Scrooge as a contemporary Harlem slumlord (in the form of Gregory Hines) surfaced fleetingly at the Winter Garden in the winter of ’79, opening five days before Christmas and closing 45 performances later. Larry Marshall as Christmas Past, Tiger Haynes as Marley in chains (“a one-man chain gang”) and Loretta Devine as the love Scrooge left at the lamppost, were also on board. The show was a reunion for Shenandoah creatives: Garry Sherman composed the music, Peter Udell did the lyrics and, with director Philip Rose, the book. Together, they concocted “Sing a Christmas Song” for carolers and the Cratchits.
A decade later, they reworked the material and gave it a more commercial handle, Christmas Is Comin’ Uptown, for a reprise at Baltimore’s Arena Playhouse. A hefty Benny Pope was Scrooge, belting out “Somebody’s Gotta Be the Heavy” (pre-transformed) and “Have I Finally Found a Heart” (transformed).
Ebenezer is still working Harlem. Crossroads Theatre Company is giving the 2019 archive production of A Christmas Carol in Harlem, starring Charles Bernard Murray as Scrooge, a free streaming now till Jan. 3.
Leslie Bricusse did the screenplay and songs for 1970’s Scrooge (played by Albert Finney), earning double Oscar nominations for Best Song Score and Best Song (a robust little ditty called “Thank You Very Much,” delivered by tenants who thought Scrooge was foreclosing on them on Christmas Day and learned instead he’d considerately expired). A stage version was cobbled together in Britain and sent over here for Broadway consideration, but Richard Chamberlain in the lead couldn’t get it any closer than Chicago.
Bricusse provided the lyrics for another Christmas-set Dickens yarn that did get to Broadway, Pickwick, based on the 1837 novel, The Pickwick Papers. Harry Secombe had the title role and the show’s major musical takeaway, “If I Ruled the World.” Davy Jones of The Monkees got his big break playing Pickwick’s valet, Sam Weller, in Hollywood. “That’s What I’d Like for Christmas” led the seasonal songs.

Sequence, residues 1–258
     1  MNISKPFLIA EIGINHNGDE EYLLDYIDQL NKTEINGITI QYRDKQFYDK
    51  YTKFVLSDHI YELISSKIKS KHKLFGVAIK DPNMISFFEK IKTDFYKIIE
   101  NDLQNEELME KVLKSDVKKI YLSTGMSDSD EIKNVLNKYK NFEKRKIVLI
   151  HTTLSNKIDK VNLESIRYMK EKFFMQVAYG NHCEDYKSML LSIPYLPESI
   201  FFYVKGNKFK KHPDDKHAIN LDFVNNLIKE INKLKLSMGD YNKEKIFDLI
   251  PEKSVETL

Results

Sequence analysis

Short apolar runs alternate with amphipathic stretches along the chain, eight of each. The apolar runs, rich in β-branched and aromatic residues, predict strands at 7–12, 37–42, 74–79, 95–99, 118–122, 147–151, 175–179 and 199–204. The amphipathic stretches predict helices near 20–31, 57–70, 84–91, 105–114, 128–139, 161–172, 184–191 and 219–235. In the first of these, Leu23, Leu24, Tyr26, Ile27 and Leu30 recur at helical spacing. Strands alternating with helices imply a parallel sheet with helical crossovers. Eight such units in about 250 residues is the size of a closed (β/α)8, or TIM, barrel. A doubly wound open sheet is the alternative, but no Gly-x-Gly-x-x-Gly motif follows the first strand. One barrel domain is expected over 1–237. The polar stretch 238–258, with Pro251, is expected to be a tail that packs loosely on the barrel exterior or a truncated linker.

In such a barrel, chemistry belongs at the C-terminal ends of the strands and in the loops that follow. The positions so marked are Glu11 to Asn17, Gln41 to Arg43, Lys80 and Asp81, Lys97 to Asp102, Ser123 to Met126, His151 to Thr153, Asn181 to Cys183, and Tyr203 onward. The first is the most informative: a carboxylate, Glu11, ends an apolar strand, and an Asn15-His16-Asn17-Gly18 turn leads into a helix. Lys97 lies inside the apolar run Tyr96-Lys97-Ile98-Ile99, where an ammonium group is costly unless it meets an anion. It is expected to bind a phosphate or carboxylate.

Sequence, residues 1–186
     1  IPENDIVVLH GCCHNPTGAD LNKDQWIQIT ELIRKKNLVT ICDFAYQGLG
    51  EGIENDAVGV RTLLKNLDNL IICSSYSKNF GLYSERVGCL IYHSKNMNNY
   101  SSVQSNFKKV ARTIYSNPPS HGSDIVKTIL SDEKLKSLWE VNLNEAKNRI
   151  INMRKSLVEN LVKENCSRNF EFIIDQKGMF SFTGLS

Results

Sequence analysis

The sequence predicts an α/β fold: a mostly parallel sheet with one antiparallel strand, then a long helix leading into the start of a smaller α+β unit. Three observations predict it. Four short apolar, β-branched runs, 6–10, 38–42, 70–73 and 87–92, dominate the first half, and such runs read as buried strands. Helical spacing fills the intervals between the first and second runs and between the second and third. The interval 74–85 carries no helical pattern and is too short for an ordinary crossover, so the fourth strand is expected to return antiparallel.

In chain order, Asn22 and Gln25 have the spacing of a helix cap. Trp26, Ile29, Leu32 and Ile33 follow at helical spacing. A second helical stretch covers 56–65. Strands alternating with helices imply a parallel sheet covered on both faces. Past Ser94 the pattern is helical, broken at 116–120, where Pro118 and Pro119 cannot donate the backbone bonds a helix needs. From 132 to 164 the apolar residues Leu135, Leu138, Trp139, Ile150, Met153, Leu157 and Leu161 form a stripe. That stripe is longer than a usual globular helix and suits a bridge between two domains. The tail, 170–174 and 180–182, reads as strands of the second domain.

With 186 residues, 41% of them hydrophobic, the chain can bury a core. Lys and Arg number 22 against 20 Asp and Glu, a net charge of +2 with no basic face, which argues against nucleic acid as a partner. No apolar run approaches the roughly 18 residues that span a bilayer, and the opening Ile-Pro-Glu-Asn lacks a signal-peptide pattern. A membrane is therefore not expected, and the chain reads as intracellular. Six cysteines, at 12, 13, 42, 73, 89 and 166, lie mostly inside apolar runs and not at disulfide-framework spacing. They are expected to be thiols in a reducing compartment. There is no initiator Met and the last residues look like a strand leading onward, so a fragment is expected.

Secombe had a harder-to-pronounce part (Bioernstjene Bjoenson) in the 1970 movie version of Song of Norway, the 1944 Broadway musical that played with the life and music of Edvard Grieg (1843-1907). Lyricists George Forrest and Robert Wright, who turned Borodin into Kismet, allowed the Norwegian composer the luxury of being sung. One of his posthumous contributions was holiday-trimmed into “At Christmastime.” Toralv Maurstad and Florence Henderson played the screen Griegs, and their movie launching was timed to the launching of a cruise ship, also called Song of Norway. Secombe was quoted as discourteously saying that it was a film “you could take the kids to see . . . and leave them there.”
Lyricist Sheldon Harnick has observed these holidays with three different composers. In Richard Rodgers’ musical, Rex, he had the royal kids of Henry VIII—Edward (Michael John), Elizabeth (Penny Fuller) and Mary (Glenn Close) come together and harmonize with “Christmas at Hampton Court.”